• Our newsletters are too much, basically SPAM
  • Our site (and Web team) are overburdened with ‘bulletin board” info (and little strategy, audience focus)
  • Even our school news blog can’t publish everybody’s local news…you need a direct publishing method

Effect

  • Our newsletters are more weekly headlines
  • Our audience can ‘follow’ us in a variety of ways
  • They can comment on the blog and respond to our Twitter or FB accounts
  • Our Web stewards have control over local news

Social Media Panel

Why Blog?

I'm being Googled

Eighty percent of success is showing up. – Woody Allen

Seth Godin says:

Blogging is free. It doesn’t matter if anyone reads it. What matters is the humility that comes from writing it. What matters is the meta-cognition of thinking about what you’re going to say. How do you explain yourself…How do you force yourself to describe, in three paragraphs, why you did something. How do you respond out loud.

If you’re good at it, some people are going to read it. If you’re not good at it, and you stick with it, you’ll get good at it…basically you’re doing it for yourself to force yourself to become part of the conversation, even if it’s just that big. And that posture change changes an enormous amount.

Now here’s what Tom Peters says about “The Brand Called You” and “Brand You Survival Kit

What you want is a steady diet of more interesting, more challenging, more provocative projects….Think about great gigs. – Seth Godin

Who is searching for you? They meet you somewhere… they’re interested, perhaps want to work with you… can they find you? What do they search for? What do they find? Who has defined you? Does it represent you? Make sure you do that.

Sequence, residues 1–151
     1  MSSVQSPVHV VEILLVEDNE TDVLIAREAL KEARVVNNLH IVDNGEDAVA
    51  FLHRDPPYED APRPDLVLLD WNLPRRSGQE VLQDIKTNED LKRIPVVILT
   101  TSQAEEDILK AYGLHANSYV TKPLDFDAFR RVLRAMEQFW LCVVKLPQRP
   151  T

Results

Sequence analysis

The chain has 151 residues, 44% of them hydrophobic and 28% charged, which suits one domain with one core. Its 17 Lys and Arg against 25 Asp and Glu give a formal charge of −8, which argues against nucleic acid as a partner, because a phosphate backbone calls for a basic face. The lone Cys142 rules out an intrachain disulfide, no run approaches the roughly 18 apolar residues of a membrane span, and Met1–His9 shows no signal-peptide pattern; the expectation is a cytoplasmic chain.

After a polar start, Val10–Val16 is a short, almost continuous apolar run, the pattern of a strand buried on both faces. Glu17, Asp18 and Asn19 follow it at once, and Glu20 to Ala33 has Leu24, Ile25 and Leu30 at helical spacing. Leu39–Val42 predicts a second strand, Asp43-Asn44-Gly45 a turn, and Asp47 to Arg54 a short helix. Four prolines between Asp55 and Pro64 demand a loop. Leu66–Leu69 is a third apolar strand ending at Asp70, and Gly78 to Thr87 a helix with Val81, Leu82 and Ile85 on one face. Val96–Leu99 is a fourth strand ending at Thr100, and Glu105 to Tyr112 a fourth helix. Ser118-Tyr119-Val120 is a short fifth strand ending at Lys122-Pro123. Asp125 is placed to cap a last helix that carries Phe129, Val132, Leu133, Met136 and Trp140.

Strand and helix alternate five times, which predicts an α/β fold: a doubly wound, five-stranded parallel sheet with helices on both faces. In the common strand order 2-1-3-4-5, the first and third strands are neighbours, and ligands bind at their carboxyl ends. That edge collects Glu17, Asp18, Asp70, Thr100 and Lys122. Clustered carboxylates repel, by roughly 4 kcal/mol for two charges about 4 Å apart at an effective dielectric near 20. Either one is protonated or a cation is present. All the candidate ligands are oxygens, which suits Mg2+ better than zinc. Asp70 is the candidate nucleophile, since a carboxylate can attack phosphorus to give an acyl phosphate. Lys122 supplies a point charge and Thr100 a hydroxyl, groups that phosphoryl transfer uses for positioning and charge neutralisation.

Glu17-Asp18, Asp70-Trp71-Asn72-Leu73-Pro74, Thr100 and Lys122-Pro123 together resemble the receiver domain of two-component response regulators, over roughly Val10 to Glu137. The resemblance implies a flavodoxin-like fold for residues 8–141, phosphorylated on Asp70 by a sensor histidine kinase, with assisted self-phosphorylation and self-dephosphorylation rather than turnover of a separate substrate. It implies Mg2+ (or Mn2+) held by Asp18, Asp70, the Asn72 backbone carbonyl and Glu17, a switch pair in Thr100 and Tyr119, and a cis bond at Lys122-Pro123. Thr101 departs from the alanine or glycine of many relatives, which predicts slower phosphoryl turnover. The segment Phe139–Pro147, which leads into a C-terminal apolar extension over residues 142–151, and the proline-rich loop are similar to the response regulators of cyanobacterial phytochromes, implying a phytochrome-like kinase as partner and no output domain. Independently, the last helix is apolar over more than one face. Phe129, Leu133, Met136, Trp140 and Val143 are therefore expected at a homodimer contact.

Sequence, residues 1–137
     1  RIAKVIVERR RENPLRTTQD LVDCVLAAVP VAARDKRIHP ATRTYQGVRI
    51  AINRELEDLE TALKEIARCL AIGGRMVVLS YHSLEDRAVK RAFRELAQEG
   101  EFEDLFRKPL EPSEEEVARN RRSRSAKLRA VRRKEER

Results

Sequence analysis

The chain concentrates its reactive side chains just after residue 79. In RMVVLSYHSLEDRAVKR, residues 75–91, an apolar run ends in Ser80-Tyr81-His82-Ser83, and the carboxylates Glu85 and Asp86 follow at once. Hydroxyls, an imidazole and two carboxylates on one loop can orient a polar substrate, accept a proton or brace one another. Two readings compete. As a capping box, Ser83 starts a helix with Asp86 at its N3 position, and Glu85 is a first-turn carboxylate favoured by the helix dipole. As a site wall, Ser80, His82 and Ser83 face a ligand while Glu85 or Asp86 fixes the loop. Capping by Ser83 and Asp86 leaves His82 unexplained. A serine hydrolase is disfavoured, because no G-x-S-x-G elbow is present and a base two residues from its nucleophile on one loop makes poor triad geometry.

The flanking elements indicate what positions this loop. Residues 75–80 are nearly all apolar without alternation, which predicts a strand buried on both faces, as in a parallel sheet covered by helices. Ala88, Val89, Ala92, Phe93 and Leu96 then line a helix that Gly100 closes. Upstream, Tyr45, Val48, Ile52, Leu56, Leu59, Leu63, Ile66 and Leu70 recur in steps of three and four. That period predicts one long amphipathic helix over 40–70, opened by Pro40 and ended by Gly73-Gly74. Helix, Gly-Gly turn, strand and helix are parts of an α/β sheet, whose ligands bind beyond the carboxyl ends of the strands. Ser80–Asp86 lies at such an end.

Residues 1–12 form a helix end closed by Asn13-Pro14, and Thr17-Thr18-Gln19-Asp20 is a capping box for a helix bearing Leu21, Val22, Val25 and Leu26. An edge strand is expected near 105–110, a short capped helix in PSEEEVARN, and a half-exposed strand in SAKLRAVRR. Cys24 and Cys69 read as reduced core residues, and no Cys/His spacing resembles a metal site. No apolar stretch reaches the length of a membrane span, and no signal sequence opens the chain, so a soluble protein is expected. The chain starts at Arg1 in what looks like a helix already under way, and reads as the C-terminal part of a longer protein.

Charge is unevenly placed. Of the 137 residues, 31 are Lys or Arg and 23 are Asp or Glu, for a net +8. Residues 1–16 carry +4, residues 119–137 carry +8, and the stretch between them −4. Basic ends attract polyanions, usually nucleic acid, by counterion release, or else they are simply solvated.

A static site is ok for your product, your brochure, but the Web has progressed, people want to see what you’re doing now, your activity, your expertise. Google rewards relevance, recency, and referrals, so be relevant, be recent, and be cool so that you’ll want to share yourself and so will everyone else.

What to do.

  1. Start a blog. Start making a dynamic Web-presence for yourself, your organization, team, church, book group, photography, art, cause, hobby. Blogger is simple, all one page. WordPress a is powerful little CMS, easy, and user-friendly. Start telling a story. At the very least, fill our your Google profile.
  2. Join a network. It doesn’t matter if it’s a list-serve, Facebook, Twitter, LinkedIn. Comment on a blog you read, share your videos on YouTube or pictures on Flickr, but find your people, engage, converse, help, define a community. At the very least set up a Google alert for something and monitor it. Fill out your Google profile.
  3. Figure out who you are, what’s unique and valuable about you, and participate in the world by representing yourself, finding your people, contributing, sharing, and leading. This is how you get the good gigs.